The Work and Pensions Committee (WPC) has recently published its report into pension scams. I had a special interest in reading this as I gave evidence to the committee on what AJ Bell’s experience had been.
What strikes you most when reading it is the accounts from the victims themselves; how they were scammed, how they have struggled reporting it to the right people, and the sometimes lack of action to catch and punish the perpetrators.
There is no doubt more needs to be done in this area to protect people, and this report sets about to understand the issues more and includes recommendations where improvements can be made.
This is an excellent report – wide-ranging and detailed. There are four areas I think are worthy of a closer look.
- We need a central body of responsibility
The report concluded there are a multitude of overlapping enforcement bodies involved in stopping scams, but possibly this is making it easier for scammers to squeeze through the cracks. Project Bloom, a multi-agency taskforce, was set up in 2012 to tackle pension fraud but suffers from a lack of central direction.
The WPC recommends replacing Project Bloom with a central body called The Pension Scams Centre which will have a statutory remit, dedicated funding, and the staffing to manage pension scams intelligence alongside law enforcement. Whilst I agree with this proposal, I would widen this out to a Financial Scams Centre reflecting that most of the fraud now occurs outside of pensions. This would help ensure interventions are targeted where the most significant problems lie
2. We need to sort out the online promotion of scams
Social media is pushing online pensions and financial scams onto the unwary, but it seems there is little regulators can do to stop them. A ban on pensions cold-calling was introduced in January 2019 but this could be improved if it was extended to include social media, emails and text – the way many communications are sent nowadays.
The WPC calls out tech firms accepting payment to advertise scams and then further payment from regulators to warn against such scams, saying the practice is immoral. To create parity between traditional media, such as TV and newspapers, and new media, including search engines and social networks, it recommends paid-for-advertising on online platforms should be covered by the regulatory framework for financial promotions. This seems a sensible way forward.
The government has said it will bring forward legislation this year for the Online Safety Bill, but its current scope excludes financial harms. The WPC recommends the forthcoming Bill should also legislate against online investment fraud.
3. We need the restriction of an individual’s statutory right of transfer to work in the best way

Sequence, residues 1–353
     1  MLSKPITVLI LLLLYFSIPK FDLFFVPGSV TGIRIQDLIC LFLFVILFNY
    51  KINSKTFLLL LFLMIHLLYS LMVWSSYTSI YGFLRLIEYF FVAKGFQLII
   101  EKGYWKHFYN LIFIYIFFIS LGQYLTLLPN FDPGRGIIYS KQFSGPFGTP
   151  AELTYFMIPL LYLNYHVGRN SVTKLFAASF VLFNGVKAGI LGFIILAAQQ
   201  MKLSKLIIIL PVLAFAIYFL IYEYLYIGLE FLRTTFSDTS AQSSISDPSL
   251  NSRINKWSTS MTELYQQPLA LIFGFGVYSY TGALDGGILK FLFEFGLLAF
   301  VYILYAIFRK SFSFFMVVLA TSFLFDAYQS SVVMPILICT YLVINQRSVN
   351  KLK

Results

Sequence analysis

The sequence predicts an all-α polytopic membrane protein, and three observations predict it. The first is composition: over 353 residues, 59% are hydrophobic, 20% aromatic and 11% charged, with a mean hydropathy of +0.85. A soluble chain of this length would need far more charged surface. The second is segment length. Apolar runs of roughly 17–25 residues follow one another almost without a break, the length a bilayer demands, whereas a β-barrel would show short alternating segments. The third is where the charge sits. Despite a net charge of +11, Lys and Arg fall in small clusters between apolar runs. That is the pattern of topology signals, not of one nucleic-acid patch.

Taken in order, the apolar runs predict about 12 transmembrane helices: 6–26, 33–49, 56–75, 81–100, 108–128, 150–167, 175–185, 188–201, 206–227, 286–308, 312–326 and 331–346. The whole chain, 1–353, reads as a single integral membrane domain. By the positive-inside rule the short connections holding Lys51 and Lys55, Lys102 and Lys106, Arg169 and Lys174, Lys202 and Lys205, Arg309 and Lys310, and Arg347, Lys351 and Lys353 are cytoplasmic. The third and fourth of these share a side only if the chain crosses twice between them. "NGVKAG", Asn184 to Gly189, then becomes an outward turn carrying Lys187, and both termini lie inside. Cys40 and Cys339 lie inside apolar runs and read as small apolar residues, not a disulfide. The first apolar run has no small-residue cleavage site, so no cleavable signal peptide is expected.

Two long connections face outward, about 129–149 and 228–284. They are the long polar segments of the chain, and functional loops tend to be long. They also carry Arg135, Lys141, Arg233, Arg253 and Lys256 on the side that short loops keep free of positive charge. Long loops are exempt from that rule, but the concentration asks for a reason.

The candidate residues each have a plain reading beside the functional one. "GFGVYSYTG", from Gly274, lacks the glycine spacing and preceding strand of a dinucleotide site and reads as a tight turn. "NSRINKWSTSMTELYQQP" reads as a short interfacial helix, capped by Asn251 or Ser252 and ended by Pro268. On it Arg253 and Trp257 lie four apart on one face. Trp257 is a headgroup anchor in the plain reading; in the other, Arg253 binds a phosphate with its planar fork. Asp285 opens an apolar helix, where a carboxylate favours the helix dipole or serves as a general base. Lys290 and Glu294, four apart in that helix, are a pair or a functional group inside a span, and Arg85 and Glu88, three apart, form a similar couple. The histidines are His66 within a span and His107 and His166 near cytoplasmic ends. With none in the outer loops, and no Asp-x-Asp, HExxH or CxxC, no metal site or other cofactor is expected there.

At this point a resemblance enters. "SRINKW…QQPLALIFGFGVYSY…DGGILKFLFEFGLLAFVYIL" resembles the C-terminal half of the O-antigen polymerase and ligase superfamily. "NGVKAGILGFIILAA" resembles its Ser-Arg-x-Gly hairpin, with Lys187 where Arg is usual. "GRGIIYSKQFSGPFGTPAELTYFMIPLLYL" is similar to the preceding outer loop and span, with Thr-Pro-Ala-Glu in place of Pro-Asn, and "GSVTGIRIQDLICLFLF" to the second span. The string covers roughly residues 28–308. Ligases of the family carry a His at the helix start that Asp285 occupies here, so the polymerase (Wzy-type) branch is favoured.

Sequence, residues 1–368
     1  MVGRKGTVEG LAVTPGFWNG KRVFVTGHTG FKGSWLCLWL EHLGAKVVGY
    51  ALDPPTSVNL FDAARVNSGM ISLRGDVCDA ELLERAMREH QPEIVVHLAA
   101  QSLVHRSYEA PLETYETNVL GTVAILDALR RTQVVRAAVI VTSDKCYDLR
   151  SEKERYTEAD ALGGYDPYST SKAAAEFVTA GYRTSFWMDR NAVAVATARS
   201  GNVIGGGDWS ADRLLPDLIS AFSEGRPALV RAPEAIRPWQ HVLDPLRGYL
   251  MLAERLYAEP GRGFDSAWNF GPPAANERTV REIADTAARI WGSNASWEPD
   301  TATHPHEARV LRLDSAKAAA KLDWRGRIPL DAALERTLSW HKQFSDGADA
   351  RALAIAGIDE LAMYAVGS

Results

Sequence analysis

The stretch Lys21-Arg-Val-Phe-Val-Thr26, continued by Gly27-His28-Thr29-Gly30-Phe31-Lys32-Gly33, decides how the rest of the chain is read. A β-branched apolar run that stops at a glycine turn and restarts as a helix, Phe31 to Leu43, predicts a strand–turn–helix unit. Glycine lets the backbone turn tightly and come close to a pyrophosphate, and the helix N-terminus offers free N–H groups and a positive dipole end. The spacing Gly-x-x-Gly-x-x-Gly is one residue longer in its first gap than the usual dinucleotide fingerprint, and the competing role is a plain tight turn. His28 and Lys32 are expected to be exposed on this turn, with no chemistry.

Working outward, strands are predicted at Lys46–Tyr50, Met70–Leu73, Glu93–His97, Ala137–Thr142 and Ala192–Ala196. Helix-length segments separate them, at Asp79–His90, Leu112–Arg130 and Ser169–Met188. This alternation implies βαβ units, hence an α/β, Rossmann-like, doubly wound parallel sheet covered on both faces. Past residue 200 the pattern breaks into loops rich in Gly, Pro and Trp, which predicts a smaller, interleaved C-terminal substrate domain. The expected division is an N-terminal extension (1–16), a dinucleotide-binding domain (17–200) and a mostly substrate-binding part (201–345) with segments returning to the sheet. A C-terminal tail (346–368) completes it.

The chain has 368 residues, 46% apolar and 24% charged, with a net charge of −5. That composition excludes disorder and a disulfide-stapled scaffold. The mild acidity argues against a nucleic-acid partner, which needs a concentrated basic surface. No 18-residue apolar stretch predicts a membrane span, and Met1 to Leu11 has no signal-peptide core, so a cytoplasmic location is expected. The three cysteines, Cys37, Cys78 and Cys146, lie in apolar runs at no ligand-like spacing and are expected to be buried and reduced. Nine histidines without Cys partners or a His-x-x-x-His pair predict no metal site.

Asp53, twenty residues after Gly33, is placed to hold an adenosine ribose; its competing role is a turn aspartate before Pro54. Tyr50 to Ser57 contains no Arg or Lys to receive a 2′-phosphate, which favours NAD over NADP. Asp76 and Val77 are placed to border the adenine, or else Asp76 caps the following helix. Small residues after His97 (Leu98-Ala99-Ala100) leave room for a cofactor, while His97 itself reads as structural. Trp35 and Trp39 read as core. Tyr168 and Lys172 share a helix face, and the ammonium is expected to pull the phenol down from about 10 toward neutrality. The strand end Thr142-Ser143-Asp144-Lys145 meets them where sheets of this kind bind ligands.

The Pension Schemes Act 2021 includes the ability for trustees and scheme administrators to restrict someone’s statutory right to transfer if red or amber flags are raised. Reading the report, it’s obvious this is needed, with evidence that some schemes were powerless to stop transfers from going ahead, despite having concerns.
Secondary legislation will set what these red and amber flags are, but this must be designed in a practical way. Most transfers are to known safe schemes. Mess this up and we will end up with a new system that only adds unnecessary hurdles and delays to legitimate transfers and fails to stop the undesirables. The worst of both worlds
4. We need advice and guidance to work in the best way
Many scammers exploit victims’ confusion between regulated advice and guidance. Often the ‘recommendation’ to transfer comes from an unregulated introducer and the individual has not had financial advice even though they think they have.
The report explores if guidance can play a bigger part in helping people, and the WPC recommends the DWP sets out a plan for increasing the number of PensionWise appointments. How and when the nudge to guidance comes is significant. If someone is set on a plan it’s difficult to get them to accept guidance that it’s not the best decision. Especially if the scammer is whispering in their ear that it’s totally OK. The WPC also recommends the DWP should consider options for the Money and Pensions Service (MaPS) to offer enhanced guidance or limited advice, and this is going to be explored further in the WPC’s current inquiry into how people access their pension.
Finally, the WPC recommends changing the pensions advice allowance by increasing the overall allowance of £1,500 and removing the £500 a year limit.
The WPC report is a detailed look at scams and its recommendations are – mostly – sensible. It widens out the emphasis from ‘pension transfer’ scams, which are thankfully in the descendancy, to a wider definition of financial scams.
Stopping scammers will always be challenging as they adapt rapidly to the evolving environment. Cut off one route and they will find another. Anybody tasked with stopping them needs to be as nimble as they are.
Rachel Vahey is senior technical consultant at AJ Bell